Invisible Disabilites

  • July 5, 2006
  • #6308

Joni share about one woman's struggle with her invisible disability.

AL: Joni, that wheelchair of yours can't help but attract attention. I'm sure it's been a conversation starter more than a few times, right? 

JONI: This past weekend I was at Ruby's restaurant with a girlfriend of mine - kind of a 50's hamburger joint connected to the local mall. And as you'd expect on a Saturday afternoon, the place was packed - kids and their parents heading off to the theater or around the mall. It was noisy, there was lots of 50's music playing, the aisles were crowded... 

And the way I was sitting at the table, when I looked up, there was a young woman sitting right opposite me. Because we were facing one another, it was impossible to not catch each other's eyes every once in awhile in between bites of hamburger and salad. Once, when our eyes met, I smiled at her and she smiled shyly and quickly looked down. In that crowded restaurant, she was the only one sitting alone.

I was interested to see if anyone would join her, but in the time it took us to eat lunch, no one came. When we got our check, my friend went on ahead, but I wheeled over to that woman. I said, "Ma'am, excuse me, but I couldn't help but notice your friendly smile and it looks like you're waiting for someone." She seemed happy that I stopped and she replied, that, yes, she was still waiting for a friend who was late. I told her that she looked like she needed a little bit of company and that I hoped her friend would arrive soon.

As I started to wheel away she stopped me, she put her hand on my chair and said, "I don't know who you are, but I just want you to know that I have a hidden disability and I'm always afraid that people might see that. I don't want them to know about my problems inside. But seeing you out and about in your wheelchair and even that (she hesitated here a bit) even that you don't mind that your friend feeds you a hamburger and holds it up to your mouth, well... I just want you to know that really speaks to me."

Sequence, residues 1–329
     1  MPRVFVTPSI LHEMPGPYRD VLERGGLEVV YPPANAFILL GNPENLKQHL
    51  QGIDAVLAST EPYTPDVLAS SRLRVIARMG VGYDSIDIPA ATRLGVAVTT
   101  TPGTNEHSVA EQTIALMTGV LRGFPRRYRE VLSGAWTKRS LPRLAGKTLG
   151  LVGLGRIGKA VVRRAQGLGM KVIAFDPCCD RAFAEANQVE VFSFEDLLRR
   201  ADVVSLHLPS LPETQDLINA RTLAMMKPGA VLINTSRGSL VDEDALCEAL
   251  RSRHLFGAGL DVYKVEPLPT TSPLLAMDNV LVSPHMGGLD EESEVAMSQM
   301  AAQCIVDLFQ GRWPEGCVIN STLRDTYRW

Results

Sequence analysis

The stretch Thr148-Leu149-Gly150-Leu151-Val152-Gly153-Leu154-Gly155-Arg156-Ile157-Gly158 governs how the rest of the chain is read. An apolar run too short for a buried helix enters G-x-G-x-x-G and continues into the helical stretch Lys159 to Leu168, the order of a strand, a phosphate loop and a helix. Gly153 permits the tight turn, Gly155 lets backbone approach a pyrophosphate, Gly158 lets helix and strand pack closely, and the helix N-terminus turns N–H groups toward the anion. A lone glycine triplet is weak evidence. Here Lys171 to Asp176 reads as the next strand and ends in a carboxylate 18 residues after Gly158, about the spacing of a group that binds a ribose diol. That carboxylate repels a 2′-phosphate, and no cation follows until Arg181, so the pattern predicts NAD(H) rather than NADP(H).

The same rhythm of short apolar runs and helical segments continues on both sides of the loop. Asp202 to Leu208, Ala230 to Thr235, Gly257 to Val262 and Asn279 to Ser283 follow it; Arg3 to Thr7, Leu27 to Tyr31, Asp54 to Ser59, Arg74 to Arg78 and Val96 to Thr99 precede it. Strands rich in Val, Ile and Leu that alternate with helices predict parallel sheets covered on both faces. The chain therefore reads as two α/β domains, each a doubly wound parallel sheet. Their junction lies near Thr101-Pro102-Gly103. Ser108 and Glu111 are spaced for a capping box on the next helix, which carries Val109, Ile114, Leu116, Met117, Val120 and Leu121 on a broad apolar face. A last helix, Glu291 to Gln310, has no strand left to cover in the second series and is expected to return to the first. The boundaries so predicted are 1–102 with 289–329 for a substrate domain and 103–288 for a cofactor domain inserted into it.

I had a lump in my throat at that point. I didn't say anything, but just smiled. I shared with her that I thought that having invisible disabilities is harder than having something show on the outside. I told her, "People have such high expectations of folks like you, like, 'come on, get your act together.' but they have such low expectations of folks like me in wheelchairs, as though it's expected that we can't do much." That's when this lady really smiled. She knew what I was talking about! 

When I left the restaurant I was so glad I took the time to just stop and share a few words. People with "whatever" disability sometimes struggle with loneliness and feeling "different from others." I know I sometimes struggle with that. And this reminds me: Sharing this woman's story reminds me that we here at Joni and Friends have an excellent list of resources for people with invisible disabilities, hidden handicaps. And I want to offer this list to you today.

AL: Joni, this would be a great help to people with chronic fatigue syndrome or fibromyalgia or other connective tissue disorders. At Joni and Friends we have recently updated our resource pages for people whose handicapping conditions are hidden and we'd like to send you this resource list today... perhaps you have a friend like this woman Joni met at a restaurant. Or perhaps you have a family member... or you yourself are struggling with lupus or arthritis or some other hidden affliction - this resource list will put help at your fingertips!

JONI: Like the lady in the restaurant

Previously aired as Program #4782 on 8/29/00.

© Joni and Friends

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